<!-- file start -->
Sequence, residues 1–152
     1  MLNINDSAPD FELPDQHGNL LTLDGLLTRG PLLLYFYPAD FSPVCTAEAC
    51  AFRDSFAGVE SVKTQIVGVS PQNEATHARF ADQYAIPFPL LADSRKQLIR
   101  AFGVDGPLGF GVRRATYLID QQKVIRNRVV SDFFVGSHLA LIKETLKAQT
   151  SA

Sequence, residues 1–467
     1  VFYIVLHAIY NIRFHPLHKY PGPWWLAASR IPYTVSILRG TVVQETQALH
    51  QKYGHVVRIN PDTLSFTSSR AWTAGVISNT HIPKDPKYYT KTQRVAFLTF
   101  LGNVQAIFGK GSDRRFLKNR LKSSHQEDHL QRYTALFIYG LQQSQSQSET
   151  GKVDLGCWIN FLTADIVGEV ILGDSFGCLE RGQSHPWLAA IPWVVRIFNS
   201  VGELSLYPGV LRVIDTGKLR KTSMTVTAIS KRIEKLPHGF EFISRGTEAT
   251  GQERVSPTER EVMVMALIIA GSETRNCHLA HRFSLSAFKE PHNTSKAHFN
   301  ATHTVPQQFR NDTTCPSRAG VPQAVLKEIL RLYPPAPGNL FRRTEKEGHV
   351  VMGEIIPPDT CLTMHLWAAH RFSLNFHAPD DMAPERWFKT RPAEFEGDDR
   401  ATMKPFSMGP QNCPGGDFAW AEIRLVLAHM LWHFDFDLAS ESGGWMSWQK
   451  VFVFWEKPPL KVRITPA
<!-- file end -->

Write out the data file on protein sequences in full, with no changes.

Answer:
Sequence, residues 1–152
     1  MLNINDSAPD FELPDQHGNL LTLDGLLTRG PLLLYFYPAD FSPVCTAEAC
    51  AFRDSFAGVE SVKTQIVGVS PQNEATHARF ADQYAIPFPL LADSRKQLIR
   101  AFGVDGPLGF GVRRATYLID QQKVIRNRVV SDFFVGSHLA LIKETLKAQT
   151  SA

Sequence, residues 1–467
     1  VFYIVLHAIY NIRFHPLHKY PGPWWLAASR IPYTVSILRG TVVQETQALH
    51  QKYGHVVRIN PDTLSFTSSR AWTAGVISNT HIPKDPKYYT KTQRVAFLTF
   101  LGNVQAIFGK GSDRRFLKNR LKSSHQEDHL QRYTALFIYG LQQSQSQSET
   151  GKVDLGCWIN FLTADIVGEV ILGDSFGCLE RGQSHPWLAA IPWVVRIFNS
   201  VGELSLYPGV LRVIDTGKLR KTSMTVTAIS KRIEKLPHGF EFISRGTEAT
   251  GQERVSPTER EVMVMALIIA GSETRNCHLA HRFSLSAFKE PHNTSKAHFN
   301  ATHTVPQQFR NDTTCPSRAG VPQAVLKEIL RLYPPAPGNL FRRTEKEGHV
   351  VMGEIIPPDT CLTMHLWAAH RFSLNFHAPD DMAPERWFKT RPAEFEGDDR
   401  ATMKPFSMGP QNCPGGDFAW AEIRLVLAHM LWHFDFDLAS ESGGWMSWQK
   451  VFVFWEKPPL KVRITPA